Dented Brass

Thread starter #1
This is the first time I have had to deal with this. I emptied a can of Hornady OneShot Lube and instead of opening another can of OneShot I picked a can of Lyman spray lube from my shelf. Apparently I applied too much lube to my cases (7mm-08) and during the resizing created some dents in the cases, mostly on the shoulders. This was once fired brass (not fired from my rifle). Can I reload these cases to fire form the brass and will this get rid of the dings? Thanks.
Should be good to go loading it but make sure to check the brass after firing for cracking at the dent; lots of variables and possibilities depending on where the dent is located and how big it is. It usually does pull the dent out.


Twelve Pointer
Above statements are correct. Normal hydraulic denting is due to using too much lube, particularly on the shoulder and pushes back to form upon firing again. Wouldn't want to do that every loading, but is a common thing.


Four Pointer
As has been said, the dents will iron right out and I seriously doubt you'll have a cracks. Cracks are more common towards the head of the cartridge where there is a curved web that blends from the inside of the head to the sidewall. Those cracks run around the rim of the case and are most often found in brass that has been loaded several times, has been resized to minimum dimensions (as some semi-auto rifles like) or has been fired in chambers that have excessive head space.

At any rate, it is almost impossible to see cracks before they break all the way through to the outer wall of the case. But, if you reload your brass a lot you can make a couple of simple tools to find the cracks before that happens. Cut two lengths of coat hanger wire and flatten one end of each nto a sharp edge. Bend the flattened edge of each wire over with one flat edge parallel to the wire and one perpendicular to the wire. Keep the bends short.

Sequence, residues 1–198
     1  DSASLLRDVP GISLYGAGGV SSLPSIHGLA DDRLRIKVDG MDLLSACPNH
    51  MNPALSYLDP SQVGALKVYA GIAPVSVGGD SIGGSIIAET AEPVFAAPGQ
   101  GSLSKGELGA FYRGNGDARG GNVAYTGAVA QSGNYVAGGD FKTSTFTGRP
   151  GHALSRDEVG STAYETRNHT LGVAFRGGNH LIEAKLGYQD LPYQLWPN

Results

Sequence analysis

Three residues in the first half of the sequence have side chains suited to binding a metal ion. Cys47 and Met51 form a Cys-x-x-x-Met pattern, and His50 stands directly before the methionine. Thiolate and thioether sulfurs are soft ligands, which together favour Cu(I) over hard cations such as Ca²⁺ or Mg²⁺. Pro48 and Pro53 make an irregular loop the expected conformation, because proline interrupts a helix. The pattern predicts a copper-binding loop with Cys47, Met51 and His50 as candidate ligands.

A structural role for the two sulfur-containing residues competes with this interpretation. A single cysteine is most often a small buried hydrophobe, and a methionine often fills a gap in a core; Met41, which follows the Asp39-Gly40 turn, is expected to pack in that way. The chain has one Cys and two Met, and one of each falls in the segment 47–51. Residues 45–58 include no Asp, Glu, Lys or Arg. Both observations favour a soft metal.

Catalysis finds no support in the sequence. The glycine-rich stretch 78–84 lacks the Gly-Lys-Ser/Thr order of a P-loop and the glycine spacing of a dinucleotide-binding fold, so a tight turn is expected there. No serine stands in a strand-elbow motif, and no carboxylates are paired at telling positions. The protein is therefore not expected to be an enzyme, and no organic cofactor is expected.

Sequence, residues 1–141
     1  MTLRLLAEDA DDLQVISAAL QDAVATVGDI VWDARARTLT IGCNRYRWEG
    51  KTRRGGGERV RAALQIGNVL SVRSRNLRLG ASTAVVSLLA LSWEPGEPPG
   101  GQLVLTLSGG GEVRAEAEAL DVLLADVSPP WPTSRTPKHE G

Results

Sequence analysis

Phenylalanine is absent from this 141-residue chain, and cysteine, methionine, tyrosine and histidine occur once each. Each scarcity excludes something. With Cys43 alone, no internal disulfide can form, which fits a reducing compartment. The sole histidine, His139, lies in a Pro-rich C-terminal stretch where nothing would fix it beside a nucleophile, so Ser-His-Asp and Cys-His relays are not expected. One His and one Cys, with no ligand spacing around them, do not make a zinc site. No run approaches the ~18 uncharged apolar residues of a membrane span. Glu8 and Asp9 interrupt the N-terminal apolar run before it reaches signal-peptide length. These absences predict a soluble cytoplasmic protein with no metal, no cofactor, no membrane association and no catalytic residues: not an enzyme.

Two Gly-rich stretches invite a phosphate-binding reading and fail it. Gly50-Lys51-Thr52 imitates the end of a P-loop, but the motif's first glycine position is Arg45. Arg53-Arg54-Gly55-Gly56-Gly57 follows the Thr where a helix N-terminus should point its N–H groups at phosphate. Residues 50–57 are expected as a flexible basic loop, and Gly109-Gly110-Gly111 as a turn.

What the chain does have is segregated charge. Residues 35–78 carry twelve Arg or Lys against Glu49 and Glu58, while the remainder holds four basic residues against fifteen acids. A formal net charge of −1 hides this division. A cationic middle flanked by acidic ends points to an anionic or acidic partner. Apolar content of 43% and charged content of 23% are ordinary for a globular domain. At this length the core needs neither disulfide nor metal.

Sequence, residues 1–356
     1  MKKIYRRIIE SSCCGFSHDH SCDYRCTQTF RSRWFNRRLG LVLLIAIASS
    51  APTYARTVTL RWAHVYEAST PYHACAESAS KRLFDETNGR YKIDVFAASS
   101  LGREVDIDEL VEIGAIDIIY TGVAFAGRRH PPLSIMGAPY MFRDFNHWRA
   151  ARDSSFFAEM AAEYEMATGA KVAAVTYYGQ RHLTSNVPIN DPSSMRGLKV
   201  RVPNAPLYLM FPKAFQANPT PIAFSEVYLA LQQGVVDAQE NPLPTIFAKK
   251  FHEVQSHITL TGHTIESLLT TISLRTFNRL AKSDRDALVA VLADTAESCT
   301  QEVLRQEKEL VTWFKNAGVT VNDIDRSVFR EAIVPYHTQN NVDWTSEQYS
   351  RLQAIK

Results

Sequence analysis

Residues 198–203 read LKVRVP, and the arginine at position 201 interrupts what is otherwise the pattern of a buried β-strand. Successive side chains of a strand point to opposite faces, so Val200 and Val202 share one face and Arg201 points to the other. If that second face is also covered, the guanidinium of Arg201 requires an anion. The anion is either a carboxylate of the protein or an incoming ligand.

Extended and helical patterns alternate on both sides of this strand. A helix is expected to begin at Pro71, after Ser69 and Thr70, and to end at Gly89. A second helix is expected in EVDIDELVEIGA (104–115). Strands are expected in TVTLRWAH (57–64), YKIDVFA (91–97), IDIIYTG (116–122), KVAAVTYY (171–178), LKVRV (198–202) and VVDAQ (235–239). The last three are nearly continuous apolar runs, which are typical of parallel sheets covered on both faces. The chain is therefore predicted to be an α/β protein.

Now you can use the tool that has the flat perpendicular to the shaft to check to for head web cracks and the one with the parallel flat to check for cracks in the shoulder and side wall. When you find your first crack you might want to save it so you can familiarize yourself with how it feels.

Personally, I use Imperial sizing wax.



Old Mossy Horns
^ Yep, I learned the wire trick years ago but forget from whom/where. I use spray lube and a 1 gallon zip lock bag and haven't had this problem since.
Thread starter #9
Thanks for the replies. I'm going to reload the dented cases today and take them to work with me tomorrow :).
Thread starter #11
I loaded with 43.0 grains of RL17 behind some Hornady SST 139s that I've never been able to get to shoot well. Dents completely gone and dog gone if that load with Winchester primers didn't shoot real well with my Tikka T3. Good day at the range.


Old Mossy Horns
The only thing about dented brass and this would have to be an extreme case is it will cause pressures to be higher. I have always just fired them out unless it was something that was extremely bad.